By the way, vitamin D can only be absorbed in the gut in the presence of fat. If you are taking vitamin D supplements without the required fat, you are just putting that essential vitamin down the drain. Did you ever wonder why skim milk, low-fat milk, and fat-free milk, even if fortified with calcium and vitamin D, do not benefit your bones if at all?
View previous articles from this author.


GSK launches new allergic rhinitis treatment

Posted in Diseases/Disabilities by Erineus on May 20, 2009

Updated May 19, 2009 12:00 AM

MANILA, Philippines – GlaxoSmithKline (GSK) recently announced the availability in the Philippines of its new intranasal steroid (INS) fluticasone furoate for the treatment of allergic rhinitis (AR). As approved by the Bureau of Food and Drugs (BFAD), the nasal spray is indicated for the treatment of seasonal allergic rhinitis (SAR) and perennial allergic rhinitis (PAR) in adults and children two years and older.

AR is a highly prevalent global disease which has a significant impact on patients’ quality of life. A recent survey highlighted that over 70 percent of patients suffering from AR experience both eye and nasal-related symptoms, which are among their most bothersome symptoms, although currently available AR treatments do not fully address both.

Clinical studies in more than 2,900 adults and children show the efficacy of fluticasone furoate in relieving overall nasal allergy symptoms, which included nasal congestion, sneezing, itchy nose, and runny nose in AR patients two years of age and older. In addition, it is the first prescription nasal steroid spray to demonstrate consistent and significant improvement in relieving overall allergic eye symptoms, which included red, itchy and watery eyes in patients with seasonal allergies 12 years of age and older in three prospectively designed studies. In all studies, fluticasone furoate sustained its effectiveness for a full 24 hours.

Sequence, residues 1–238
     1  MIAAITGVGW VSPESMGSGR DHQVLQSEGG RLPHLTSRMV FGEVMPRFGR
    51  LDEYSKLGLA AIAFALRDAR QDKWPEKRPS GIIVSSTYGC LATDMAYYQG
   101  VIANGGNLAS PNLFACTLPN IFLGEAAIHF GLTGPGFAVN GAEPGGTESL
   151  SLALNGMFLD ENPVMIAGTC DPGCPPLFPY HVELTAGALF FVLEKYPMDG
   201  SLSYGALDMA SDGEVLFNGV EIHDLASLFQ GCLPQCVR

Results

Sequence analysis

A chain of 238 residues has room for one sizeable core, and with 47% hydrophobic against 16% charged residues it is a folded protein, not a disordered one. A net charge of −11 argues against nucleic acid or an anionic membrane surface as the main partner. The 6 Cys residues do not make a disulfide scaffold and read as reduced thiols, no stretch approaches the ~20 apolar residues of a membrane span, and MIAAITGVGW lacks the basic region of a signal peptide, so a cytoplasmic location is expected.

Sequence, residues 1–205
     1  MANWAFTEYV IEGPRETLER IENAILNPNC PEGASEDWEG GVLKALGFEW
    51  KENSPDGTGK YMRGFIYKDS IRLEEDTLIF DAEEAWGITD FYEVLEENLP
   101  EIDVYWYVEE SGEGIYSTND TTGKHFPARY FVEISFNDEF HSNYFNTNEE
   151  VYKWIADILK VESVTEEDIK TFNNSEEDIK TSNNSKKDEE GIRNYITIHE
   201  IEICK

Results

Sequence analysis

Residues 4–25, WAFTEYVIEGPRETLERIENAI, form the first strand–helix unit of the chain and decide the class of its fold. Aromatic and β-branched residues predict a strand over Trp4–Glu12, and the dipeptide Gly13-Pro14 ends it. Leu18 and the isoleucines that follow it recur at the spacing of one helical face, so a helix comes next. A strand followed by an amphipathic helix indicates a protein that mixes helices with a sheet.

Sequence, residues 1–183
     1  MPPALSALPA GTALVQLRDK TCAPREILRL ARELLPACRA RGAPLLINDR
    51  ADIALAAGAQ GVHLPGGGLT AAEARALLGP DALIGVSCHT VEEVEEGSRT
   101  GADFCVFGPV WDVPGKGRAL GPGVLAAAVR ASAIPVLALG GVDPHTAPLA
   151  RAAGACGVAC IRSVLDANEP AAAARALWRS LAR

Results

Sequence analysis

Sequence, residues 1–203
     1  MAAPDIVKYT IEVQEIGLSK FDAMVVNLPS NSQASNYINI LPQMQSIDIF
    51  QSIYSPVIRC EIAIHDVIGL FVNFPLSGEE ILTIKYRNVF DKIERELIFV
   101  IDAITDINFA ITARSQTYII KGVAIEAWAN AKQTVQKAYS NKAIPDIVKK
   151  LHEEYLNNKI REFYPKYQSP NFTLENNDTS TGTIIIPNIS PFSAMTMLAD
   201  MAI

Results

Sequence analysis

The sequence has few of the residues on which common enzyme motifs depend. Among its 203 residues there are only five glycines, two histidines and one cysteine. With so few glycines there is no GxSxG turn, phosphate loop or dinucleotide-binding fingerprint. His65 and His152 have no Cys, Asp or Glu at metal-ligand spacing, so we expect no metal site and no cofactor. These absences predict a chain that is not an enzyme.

A 2008 Medical Design Excellence Gold Award winner, the once-daily treatment is delivered in a unique, ergonomically designed device that was developed with the allergy patient in mind. Its side-actuated mist release button releases a gentle scent and taste-free mist with a low volume of spray, which means patients are less likely to experience a bitter taste or the effects of drip down the back of the throat or out of the nose.

“GSK is proud to continue its long tradition of discovering innovative respiratory medicines with the launch of this new and patient-friendly allergic rhinitis treatment,” says Daisy Cembrano, GSK Philippines public affairs. “We hope to help more Filipino patients get the relief they need from this disease, which poses a significant burden on their quality of life.”

Fluticasone furoate is a prescription medicine available in leading drugstores nationwide. Priced at around 30-percent lower than leading INS brands, it is the latest addition to the portfolio of GSK’s globally-trusted treatments that are now affordable for more Filipinos after the company announced a pioneering 30-50-percent price reduction on most of its major brands.


COA: AFP failed to remit P244-million Balikatan fund

Posted in AFP by Erineus on May 20, 2009

By Reinir Padua Updated May 20, 2009 12:00 AM

MANILA, Philippines – More than P240 million in unused funds for the 2006 and 2007 RP-US Balikatan exercises that should have been returned to the National Treasury have turned up in a government bank, a Commission on Audit (COA) report showed.

The COA report on the Armed Forces of the Philippines said the funds in question include “the amount of unutilized remittance from the US embassy for the Balikatan exercises which was deposited and held in trust with the Land Bank of the Philippines; and the Special Financial Assistance for CAFGU (Citizens Armed Force Geographical Units) in Wesmincom.”

Wesmincom stands for Western Mindanao Command.

The COA said the unremitted funds amounted to P62.77 million in 2007 and P181.98 million in 2006 or a total of P244.7 million.

The STAR checked with the COA and was told by an emloyee, quoting auditors, that this could not be immediately classified as an irregularity. In fact, this was not included in the “Observations and Recommendations” part of the 2007 audit report on the AFP.

The audit agency has yet to come up with its report on the 2008 operations of the AFP.